Posted in: Legal Information, Practice of Law

Bad Science, Journalism, Law and the Internet

Dr. Ben Goldacre writes a weekly column for the Guardian called Bad Science, in which he “skewers” journalists, politicians, advertisers and others who misrepresent, make up or ignore scientific evidence concerning the sorts of things that concern us all. He also maintains a blog by the same name, where he can (and does) expatiate on these issues. One of his recurring themes is the awful mishandling of vaccination data by the media and, consequently, the various vaccination panics that spring up around the world.

In this connection he writes about an interview he gave on LBC Radio in . . . [more]

Posted in: Legal Information, Practice of Law, Substantive Law, Technology: Internet

More Detail on the LCO Symposium & New Consultation Paper

I’ve been asked for more information about the LCO Symposium in May, so I thought I’d provide it here. We will be posting on the LCO website soon. The format is a series of conversations that are intended to encourage dialogue among panellists and audience (in the various configurations). I’m trying to avoid a “talking at” environment. The conversations are “What are We Talking About, Anyway?” when we’re talking about law reform;”How do We do It?”; and “What Challenges does Law Reform Face?”. Michael Tilbury of the New South Wales Law Reform Commission will give a free public lecture on . . . [more]

Posted in: Substantive Law

An Apple by Any Other Name???

♫ You are the sunshine of my life, yeah,
Thats why Ill always stay around,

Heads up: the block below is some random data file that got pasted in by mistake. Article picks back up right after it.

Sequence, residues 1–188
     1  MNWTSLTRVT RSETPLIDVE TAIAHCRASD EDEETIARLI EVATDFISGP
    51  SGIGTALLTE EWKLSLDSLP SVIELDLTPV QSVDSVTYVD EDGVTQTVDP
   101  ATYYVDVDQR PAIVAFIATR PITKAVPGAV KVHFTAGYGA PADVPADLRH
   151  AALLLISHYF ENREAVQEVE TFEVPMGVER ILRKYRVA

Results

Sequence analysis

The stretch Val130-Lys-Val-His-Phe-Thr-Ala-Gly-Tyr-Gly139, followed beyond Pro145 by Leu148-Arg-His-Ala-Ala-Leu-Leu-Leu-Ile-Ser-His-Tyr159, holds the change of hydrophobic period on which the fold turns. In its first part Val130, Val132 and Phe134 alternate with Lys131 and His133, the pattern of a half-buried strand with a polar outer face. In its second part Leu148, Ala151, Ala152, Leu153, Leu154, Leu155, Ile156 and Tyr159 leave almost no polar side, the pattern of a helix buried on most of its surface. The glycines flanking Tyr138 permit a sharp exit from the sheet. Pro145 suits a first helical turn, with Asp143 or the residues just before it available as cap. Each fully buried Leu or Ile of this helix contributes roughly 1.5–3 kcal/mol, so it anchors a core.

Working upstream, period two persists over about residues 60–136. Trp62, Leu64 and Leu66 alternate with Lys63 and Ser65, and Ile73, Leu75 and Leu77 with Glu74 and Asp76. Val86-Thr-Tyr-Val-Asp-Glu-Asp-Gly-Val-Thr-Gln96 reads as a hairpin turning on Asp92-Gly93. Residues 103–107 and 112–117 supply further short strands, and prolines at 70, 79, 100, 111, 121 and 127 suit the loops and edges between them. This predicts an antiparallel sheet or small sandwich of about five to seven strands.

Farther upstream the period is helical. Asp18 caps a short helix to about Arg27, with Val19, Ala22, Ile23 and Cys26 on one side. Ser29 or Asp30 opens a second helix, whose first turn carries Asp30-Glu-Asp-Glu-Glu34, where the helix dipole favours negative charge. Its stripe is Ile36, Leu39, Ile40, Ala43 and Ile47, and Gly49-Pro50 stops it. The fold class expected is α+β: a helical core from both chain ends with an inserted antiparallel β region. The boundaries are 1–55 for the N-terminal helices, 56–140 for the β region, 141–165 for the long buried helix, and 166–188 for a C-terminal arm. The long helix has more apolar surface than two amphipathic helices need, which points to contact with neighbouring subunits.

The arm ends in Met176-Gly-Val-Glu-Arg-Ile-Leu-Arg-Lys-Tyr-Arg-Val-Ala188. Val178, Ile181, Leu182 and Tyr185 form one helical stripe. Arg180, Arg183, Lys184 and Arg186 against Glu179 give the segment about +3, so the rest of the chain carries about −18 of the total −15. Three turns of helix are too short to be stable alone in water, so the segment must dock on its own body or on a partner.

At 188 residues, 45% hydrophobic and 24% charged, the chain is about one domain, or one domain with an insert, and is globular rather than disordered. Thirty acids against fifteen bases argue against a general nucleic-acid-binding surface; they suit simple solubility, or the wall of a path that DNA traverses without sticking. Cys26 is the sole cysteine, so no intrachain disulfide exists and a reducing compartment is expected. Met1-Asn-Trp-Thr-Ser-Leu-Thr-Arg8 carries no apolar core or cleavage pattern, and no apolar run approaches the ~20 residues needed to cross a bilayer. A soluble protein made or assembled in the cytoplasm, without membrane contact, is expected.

You are the apple of my eye,
Forever you’ll stay in my heart…♫

Words and Music by Stevie Wonder.

The legal proceedings of Apple Inc. v. Psystar Corporation are very interesting. Psystar has been sued by Apple for selling computers with the Mac OS X operating system installed, called Open Macs. Apple, for its part, is alleging copyright, trademark and other claims against Psystar in relation to Psystar’s use of Apple’s operating system. Psystar originally alleged violation of federal and state anti-trust laws. In this . . . [more]

Posted in: Miscellaneous

Amazon Releases Kindle 2

In the US, has just announced the second version of its wireless reader, the Kindle 2, will be released February 24, 2009 and cost US$359.

See info and specs here.

3G wireless lets you download books right to your Kindle, anytime, anywhere; no monthly fees, service plans, or hunting for Wi-Fi hotspots (in the US from the Sprint data network). This means you can download books in less than 60 seconds; no PC required. They are claiming the Kindle 2 has a better display and 25% longer battery life. It can hold over 1,500 books. It also has a . . . [more]

Posted in: Technology

New Policy for SCC Access to Court Records

Via CALL-L, there is a new policy at the Supreme Court of Canada, effective today for access to court records.
The most interesting part? Webcasts!

In addition to the records already listed in this policy, members of the public shall have remote access to those court records, or portions thereof, listed in this subsection:

* the electronic version of any factum on an appeal filed on or after February 9, 2009, subject to the following conditions. An electronic version of the factum must be available. The factum must not be subject to any limitation on access by court order or

. . . [more]
Posted in: Legal Information